Dylan McGrath: ‘If I have to go on a sandwich truck in the morning, I’ll do it’
Interview: The celebrity chef on past failures, rivals, his new venture, and his ‘shy side’
Dylan McGrath at Shelbourne Social, his new restaurant on Shelbourne Road, Dublin. Photograph Nick Bradshaw
Dylan McGrath at Mint in Ranelagh, Dublin, in 2006. Photograph: Matt Kavanagh
Dylan McGrath pauses an awful lot after being asked a question, almost to the point where you start to wonder if in fact it was him who did the asking in the first place. It turns out that the delays come because he thinks very, very carefully about every answer.
He then often follows by explaining what he didn’t mean, just in case you got the wrong impression. As with everything else in his life, he is taking this interview very seriously.
It’s a Wednesday morning in Shelbourne Social, the latest outlet in McGrath’s collection of Dublin restaurants and arguably the one that turns a group into an empire. It is a brave endeavour, the risks reflected in a very fancy 1930s-Manhattan design that saw bespoke leather chairs remade multiple times before they were deemed perfect, and table-tops coated in fine Italian leather.
The table effect is very beautiful, but it also looks as if it’s just waiting to receive a slash from an errant steak knife, or perhaps an indelible mark from a nervous biro.
McGrath is very attached to the leather, and asks a passing waiter if it has been cleaned with the “special stuff” from Italy yet. It’s the kind of attention to detail that allows for restaurants to thrive or fail, and McGrath knows well how both feel.
He and his established business partner, Vincent Melinn, already have Rustic Stone, Taste at Rustic, the Bonsai Bar and Fade Street Social in or around South Great George’s Street in their portfolio, as well as consulting on the running of nearby Brasserie Sixty6.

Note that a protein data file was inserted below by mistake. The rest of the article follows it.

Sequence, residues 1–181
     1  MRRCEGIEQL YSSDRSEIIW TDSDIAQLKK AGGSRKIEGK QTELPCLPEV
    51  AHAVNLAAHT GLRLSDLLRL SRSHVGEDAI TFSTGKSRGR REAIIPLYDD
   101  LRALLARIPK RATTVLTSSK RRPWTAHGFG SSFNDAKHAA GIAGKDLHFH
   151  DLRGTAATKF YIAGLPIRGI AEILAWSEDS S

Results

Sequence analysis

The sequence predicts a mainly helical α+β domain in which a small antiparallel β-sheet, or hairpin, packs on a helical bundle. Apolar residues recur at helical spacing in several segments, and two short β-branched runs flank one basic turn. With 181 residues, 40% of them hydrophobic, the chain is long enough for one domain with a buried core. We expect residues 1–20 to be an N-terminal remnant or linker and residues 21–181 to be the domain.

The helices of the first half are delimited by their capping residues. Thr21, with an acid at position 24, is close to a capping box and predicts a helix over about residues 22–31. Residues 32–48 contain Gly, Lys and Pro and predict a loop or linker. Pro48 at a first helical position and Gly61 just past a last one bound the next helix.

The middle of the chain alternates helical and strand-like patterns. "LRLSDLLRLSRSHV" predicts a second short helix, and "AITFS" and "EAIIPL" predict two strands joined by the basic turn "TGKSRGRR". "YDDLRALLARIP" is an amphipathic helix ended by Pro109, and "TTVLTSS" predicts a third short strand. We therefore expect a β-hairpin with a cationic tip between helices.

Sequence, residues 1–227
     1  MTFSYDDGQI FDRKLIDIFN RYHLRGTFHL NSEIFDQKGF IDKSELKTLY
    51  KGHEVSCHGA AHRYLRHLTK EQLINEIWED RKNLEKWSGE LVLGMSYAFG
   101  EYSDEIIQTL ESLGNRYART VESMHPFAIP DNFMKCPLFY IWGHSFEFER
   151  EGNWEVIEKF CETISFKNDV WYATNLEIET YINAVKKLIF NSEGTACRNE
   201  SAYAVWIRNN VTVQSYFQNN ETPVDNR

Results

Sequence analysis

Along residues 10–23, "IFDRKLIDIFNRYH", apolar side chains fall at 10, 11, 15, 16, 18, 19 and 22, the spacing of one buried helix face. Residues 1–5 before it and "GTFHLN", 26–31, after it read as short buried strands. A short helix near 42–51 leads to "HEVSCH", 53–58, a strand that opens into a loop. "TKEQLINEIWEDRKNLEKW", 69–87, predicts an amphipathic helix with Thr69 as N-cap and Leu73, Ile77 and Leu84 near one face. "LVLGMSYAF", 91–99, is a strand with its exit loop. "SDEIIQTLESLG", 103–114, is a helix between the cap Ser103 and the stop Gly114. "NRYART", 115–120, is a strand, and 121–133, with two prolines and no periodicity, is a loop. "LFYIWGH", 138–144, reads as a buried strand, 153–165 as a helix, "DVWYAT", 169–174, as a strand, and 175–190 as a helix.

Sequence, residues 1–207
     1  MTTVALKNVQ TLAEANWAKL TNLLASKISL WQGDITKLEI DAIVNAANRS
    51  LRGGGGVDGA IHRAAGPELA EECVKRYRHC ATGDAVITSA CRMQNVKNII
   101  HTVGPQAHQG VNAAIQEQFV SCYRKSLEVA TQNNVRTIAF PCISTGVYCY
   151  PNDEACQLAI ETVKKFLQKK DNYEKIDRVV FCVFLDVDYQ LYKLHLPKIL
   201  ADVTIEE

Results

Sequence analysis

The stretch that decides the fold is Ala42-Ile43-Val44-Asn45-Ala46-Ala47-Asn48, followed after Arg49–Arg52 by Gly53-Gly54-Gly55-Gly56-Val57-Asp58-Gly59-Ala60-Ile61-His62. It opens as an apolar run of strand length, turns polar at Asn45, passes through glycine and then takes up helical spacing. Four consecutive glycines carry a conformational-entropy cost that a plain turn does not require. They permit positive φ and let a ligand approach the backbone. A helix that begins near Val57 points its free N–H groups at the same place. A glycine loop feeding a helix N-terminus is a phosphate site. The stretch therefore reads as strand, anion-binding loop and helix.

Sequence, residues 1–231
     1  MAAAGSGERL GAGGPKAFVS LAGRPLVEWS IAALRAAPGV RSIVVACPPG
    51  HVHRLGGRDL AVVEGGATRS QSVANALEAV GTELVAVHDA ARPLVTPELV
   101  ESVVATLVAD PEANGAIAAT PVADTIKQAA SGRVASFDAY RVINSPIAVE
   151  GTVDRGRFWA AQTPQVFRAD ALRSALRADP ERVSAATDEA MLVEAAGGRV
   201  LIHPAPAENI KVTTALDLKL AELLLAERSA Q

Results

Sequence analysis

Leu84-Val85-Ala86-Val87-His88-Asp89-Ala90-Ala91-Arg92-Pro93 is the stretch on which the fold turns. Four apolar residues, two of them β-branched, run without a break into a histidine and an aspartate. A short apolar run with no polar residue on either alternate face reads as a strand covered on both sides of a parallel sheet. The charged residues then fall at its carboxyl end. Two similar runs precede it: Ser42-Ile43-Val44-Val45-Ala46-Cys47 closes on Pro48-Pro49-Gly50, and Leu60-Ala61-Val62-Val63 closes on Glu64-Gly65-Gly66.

Before those McGrath ran Mint, a small restaurant seating fewer than 40 in wealthy Ranelagh in south Dublin, where he won a Michelin star in early 2008.
Unfortunately the recession hit at almost exactly the same time, leaving Mint struggling to sell its €160 meals and €150 bottles of wine. By the time McGrath was celebrating his 31st birthday, Mint had sunk under €200,000 of debt and the Michelin-starred chef was jobless.
“It’s a tough industry,” he says now. “You need to be passionate to want to be in it, and even more passionate to want to stay in it.”
Passionate is a word McGrath particularly likes. You could almost imagine him standing in front of a mirror checking on his own passion levels every morning, giving himself one of his intense stares if they’re not up to scratch.
And while restaurant people need to have passion, the restaurants themselves should never, ever be boring or “repetitive”. In the case of Shelbourne Social, a separate business, this has taken an investment of about €2 million, with McGrath and Melinn having both dug deep into their pockets, laying their personal funds on a bed of bank debt and adding a jus of extended credit from suppliers.
“We both put our necks on the line,” says McGrath, who describes his behind-the-scenes business partner rather wonderfully as an accountant with experience in many different businesses and a past as a poker champion. The two have been together since a while after Mint, and now own their restaurants equally.
McGrath says they both have an appetite for risk, but emphasises that “if you don’t get on with someone as a person” nothing else in a business relationship will work.